Director of System Communications Lynn Cole, the granddaughter of Trustee Emeritus Peter Lowe who served on the board with St. John, is a relatively new hire and was recently paid a $16,000 stipend to cover moving from the Birmingham area to Tuscaloosa. But inside sources said Cole hasn’t moved. The stipend also appears rather generous given that one Birmingham area moving company said they would move the contents of a five-bedroom house to Tuscaloosa for about $1,500. Cole did not respond when asked if she had moved or how the allowance was determined.
But financial largess seems to be built into the UA DNA when it comes to administrators. St. John’s salary was a big step up from Hayes’ and has only grown.
According to published reports at the time he was hired, St. John was to receive a base salary of $730,361 that could include up to $105,000 in annual performance-based incentives. He was paid the full $105,000 after just four months on the job, according to payroll records. His compensation package also included a $12,000 car allowance and $75,000 a year more as a housing allowance, taking his total compensation to $922,361, not counting retirement and insurance. The System Office has not responded when asked from which account St. John’s housing and car allowance are paid.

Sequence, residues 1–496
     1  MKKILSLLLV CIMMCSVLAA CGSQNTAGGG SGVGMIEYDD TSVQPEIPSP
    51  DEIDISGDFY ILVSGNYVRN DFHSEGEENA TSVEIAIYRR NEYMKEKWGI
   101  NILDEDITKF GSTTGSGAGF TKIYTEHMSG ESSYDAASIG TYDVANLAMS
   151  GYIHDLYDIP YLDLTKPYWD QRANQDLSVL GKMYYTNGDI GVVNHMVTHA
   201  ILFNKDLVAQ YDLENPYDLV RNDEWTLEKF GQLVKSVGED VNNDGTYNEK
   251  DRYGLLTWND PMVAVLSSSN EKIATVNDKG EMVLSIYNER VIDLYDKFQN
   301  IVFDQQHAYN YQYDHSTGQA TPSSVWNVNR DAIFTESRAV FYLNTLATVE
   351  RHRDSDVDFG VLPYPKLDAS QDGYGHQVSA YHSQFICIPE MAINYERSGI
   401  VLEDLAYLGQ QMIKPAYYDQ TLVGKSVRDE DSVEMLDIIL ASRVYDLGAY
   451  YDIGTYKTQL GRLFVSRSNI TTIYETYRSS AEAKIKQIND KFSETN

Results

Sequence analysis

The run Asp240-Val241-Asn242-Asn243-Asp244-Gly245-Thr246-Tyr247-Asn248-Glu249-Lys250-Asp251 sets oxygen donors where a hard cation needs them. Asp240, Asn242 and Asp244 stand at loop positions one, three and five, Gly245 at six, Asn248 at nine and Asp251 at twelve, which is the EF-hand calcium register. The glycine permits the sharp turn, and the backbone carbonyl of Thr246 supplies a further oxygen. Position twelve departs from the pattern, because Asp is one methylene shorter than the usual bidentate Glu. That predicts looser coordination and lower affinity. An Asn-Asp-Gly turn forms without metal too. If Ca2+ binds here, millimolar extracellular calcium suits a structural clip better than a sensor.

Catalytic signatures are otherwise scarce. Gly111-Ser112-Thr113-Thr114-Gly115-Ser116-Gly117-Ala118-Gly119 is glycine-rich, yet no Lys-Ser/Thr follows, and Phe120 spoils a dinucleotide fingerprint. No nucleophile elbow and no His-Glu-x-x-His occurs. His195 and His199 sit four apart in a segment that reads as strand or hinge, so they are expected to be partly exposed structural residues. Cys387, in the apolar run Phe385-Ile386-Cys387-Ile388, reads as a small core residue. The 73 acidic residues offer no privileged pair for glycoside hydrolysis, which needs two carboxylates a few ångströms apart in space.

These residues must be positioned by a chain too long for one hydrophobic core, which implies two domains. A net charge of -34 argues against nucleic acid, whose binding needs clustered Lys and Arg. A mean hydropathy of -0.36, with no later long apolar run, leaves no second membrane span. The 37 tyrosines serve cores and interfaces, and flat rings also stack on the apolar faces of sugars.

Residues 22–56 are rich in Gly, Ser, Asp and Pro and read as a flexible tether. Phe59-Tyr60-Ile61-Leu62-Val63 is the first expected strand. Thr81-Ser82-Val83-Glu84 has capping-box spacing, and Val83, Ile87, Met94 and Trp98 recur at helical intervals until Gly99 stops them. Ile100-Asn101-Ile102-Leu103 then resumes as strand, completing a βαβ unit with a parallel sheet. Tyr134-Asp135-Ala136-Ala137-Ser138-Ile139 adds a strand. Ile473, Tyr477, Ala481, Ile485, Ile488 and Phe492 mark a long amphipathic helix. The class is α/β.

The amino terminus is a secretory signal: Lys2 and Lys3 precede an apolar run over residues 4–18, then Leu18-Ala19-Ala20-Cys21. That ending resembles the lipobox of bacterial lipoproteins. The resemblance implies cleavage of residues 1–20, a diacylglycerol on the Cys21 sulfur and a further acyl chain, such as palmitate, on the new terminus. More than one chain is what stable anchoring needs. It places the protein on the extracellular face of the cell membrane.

St. John’s base salary was kicked up to $817,000 just nine months after being named chancellor, and his year two compensation was $1,009,000, not counting retirement and insurance. In all, his nine-month-stint as an unpaid interim-chancellor paid off with more than $1.93 million the following two years. If history is any indication, those numbers may actually be bigger.
Former Chancellor Robert Witt made roughly $758,000 in 2015 according to payroll records. In 2016, he was paid a total of more than $3 million. And after he retired in late 2016, Witt still received more than $460,000, according to payroll records.
St. John’s predecessor, Hayes, was paid $578,000 in 2017, according to payroll records, but UAB Hospital System 990 records list more than $947,000 paid to him that year. He was also paid about $578,000 in 2016 from the UA System Office account, but UAB 990s listed payments of more than $767,000. UAB’s 2019 990s aren’t yet available, so it’s unknown if St. John will have other payments recorded there.
Ryan’s salary has also increased significantly since joining the University System. He is paid through the Hospital System and in his first full year, 2016, he was paid a total of $661,857, according to the 990 form filing. That increased to $670,578 in 2017, then went to $750,262 in 2018.